Because I've ridden my bicycle on some longish trips over the years, I get asked sometimes about endurance. I think the most useful words I wrote on the subject are buried at the end of a ride report from a decade ago. I'm reprinting them here:
And the blessings were like poets that we never find time to know,
But when time stopped I found the place where the poets go.
And they said, "Here have some coffee, it's straight, black and very old,"
And they gave me sticks and rocks and stars and all that I could hold..."
Dar Williams, "The Blessings"
In the days that followed I got to catch up on old times and talk with a lot of people I hadn't seen in a while. I ride into Duluth and see my old friend Denis Sauve at Twin Ports Cyclery. In college I'd raced on the Velo Duluth team and among other things, Denis was the first guy I ever saw who rode a fixed gear bike on the road. I'd checked the phone book and Twin Ports Cyclery was back where I'd remembered it being and when I roll Eddy in the door, Denis looks up from behind the counter and says simply "Haven't seen you in a while. Where have you been?" And I could say it was like I'd never left but that's not quite true. Since I've been gone Denis has gotten grayer and so have I. He had moved the shop to the busier downtown area for a few years but he moved it back to it's west Duluth roots when he'd realized that the increased downtown business wasn't really clearing much over the increased expenses. Denis always had that kind of good sense.
Twenty years ago I'd gotten a set of Blackburn adapters so I could fit a rack onto my racing bike for my trip out west. Before my trip east I'd had to create my own version of these adapters because I couldn't find any of my local bike shops. On a whim, I check the back wall of Denis's shop. Twenty years ago I'd bought the adapters and there were two other sets on the pegboard. Now I look and there are still two sets of adapters on the board. I buy the second set. In twenty years I may have to go back and buy that last set. I also buy some tubes. As Denis tallies up my total, he naturally gives me the club discount. I haven't been here for 20 years but he'd never think of not giving me the discount. I'm one of his riders after all.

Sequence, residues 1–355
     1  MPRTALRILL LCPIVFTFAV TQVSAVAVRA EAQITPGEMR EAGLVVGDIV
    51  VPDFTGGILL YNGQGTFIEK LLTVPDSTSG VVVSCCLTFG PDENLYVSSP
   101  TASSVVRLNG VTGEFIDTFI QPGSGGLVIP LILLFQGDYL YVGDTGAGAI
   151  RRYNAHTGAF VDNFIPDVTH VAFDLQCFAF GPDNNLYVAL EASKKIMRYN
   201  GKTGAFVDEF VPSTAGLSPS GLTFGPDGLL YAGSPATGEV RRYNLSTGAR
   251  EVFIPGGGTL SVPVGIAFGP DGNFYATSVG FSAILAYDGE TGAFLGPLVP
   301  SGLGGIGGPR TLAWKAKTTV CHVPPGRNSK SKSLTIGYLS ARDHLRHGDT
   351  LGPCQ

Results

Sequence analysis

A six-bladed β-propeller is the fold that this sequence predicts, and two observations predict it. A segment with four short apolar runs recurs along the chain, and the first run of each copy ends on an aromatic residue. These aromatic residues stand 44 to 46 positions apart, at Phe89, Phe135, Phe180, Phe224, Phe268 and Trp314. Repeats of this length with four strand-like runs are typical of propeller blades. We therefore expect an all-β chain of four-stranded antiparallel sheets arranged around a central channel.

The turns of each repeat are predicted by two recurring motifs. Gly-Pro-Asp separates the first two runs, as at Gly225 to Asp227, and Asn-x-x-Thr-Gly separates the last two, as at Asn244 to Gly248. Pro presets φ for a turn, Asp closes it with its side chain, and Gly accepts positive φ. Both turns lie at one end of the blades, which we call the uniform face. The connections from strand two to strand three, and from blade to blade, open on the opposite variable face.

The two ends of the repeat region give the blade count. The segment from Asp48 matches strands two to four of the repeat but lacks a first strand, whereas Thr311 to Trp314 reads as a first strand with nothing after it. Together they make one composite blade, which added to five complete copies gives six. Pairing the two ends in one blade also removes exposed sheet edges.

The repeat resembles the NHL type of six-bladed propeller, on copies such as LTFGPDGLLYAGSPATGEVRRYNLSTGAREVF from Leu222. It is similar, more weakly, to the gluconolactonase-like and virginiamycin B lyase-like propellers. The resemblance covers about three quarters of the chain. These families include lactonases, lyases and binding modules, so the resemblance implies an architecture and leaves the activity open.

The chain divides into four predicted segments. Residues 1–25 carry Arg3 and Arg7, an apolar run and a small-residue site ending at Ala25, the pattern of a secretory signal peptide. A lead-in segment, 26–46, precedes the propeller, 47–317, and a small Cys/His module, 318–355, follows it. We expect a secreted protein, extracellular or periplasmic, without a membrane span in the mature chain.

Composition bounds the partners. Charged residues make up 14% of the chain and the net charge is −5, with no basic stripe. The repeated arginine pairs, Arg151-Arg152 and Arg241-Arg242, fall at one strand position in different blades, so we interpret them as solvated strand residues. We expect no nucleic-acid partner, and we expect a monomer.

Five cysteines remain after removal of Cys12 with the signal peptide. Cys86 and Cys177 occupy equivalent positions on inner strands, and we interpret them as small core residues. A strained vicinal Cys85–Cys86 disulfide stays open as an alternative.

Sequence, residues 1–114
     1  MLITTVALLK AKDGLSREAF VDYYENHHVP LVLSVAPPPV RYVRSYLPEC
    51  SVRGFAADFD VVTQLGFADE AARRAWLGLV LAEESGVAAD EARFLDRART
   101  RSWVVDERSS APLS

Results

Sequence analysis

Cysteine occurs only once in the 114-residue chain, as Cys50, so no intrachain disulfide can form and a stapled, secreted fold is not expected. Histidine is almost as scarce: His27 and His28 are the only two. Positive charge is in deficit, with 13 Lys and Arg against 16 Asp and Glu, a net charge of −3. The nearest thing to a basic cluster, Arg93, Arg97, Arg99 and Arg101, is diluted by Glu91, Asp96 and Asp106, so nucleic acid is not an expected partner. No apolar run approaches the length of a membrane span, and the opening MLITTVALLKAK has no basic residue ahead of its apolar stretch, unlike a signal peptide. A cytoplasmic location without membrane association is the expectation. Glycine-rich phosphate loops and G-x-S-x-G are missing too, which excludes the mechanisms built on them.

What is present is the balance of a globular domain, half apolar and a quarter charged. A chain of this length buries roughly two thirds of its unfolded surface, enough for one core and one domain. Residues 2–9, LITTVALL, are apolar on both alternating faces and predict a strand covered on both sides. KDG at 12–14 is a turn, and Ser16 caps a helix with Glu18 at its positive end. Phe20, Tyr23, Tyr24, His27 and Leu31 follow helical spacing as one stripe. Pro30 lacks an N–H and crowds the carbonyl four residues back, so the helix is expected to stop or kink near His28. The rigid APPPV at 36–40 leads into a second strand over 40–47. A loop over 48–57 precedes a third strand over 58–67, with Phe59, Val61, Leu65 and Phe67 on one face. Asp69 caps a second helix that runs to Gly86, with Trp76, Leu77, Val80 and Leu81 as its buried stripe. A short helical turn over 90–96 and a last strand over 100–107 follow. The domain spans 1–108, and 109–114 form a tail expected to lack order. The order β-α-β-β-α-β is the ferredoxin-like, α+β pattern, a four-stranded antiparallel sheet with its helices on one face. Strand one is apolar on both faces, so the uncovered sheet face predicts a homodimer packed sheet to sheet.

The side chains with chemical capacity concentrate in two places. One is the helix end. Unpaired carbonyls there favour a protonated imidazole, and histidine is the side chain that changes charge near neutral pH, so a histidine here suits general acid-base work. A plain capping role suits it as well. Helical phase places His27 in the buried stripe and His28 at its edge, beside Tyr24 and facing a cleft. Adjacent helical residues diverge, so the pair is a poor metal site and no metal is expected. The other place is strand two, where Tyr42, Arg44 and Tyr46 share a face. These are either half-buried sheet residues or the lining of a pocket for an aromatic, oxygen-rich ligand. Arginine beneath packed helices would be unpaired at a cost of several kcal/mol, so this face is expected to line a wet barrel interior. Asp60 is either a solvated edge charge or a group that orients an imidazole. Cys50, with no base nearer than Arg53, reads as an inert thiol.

My father retired from teaching a few years ago and his friend Bob is also retired. My dad is seventy-seven years old and Bob is sixty-seven. When Bob retired from teaching he bought a small sawmill and almost every day he and my dad go out to the mill and work the logs into lumber. It's hard work. My uncle Clarence and my boys and I went out to see the mill and it's amazing to watch Bob and my dad jockey the big logs into position and run the machinery through it's paces. But you can see it's work they love.
My mom and dad have been married for fifty years. When my mom was born, she had a defect in her heart, a hole between two of the chambers. The doctors told her parents she wouldn't live past the age of fifteen. Her parents didn't tell her this until she was twenty-five and by that time she figured she might as well keep going. She's outlived her doctors by quite a bit.
I think about all of these things when people say to me that my ride was something amazing, that it was some kind of feat of endurance. No, it was just a ride. It's what I do. Now keeping a business going for decades, or staying married for half a century or working a sawmill when you should be retired, that's a feat of endurance. Riding a fixed gear bicycle across half the country in eleven and a half days, that's just a bike ride. Don't ask me about endurance, I don't know that much about it. But I do know some people who do. I'm proud to call them my family and friends.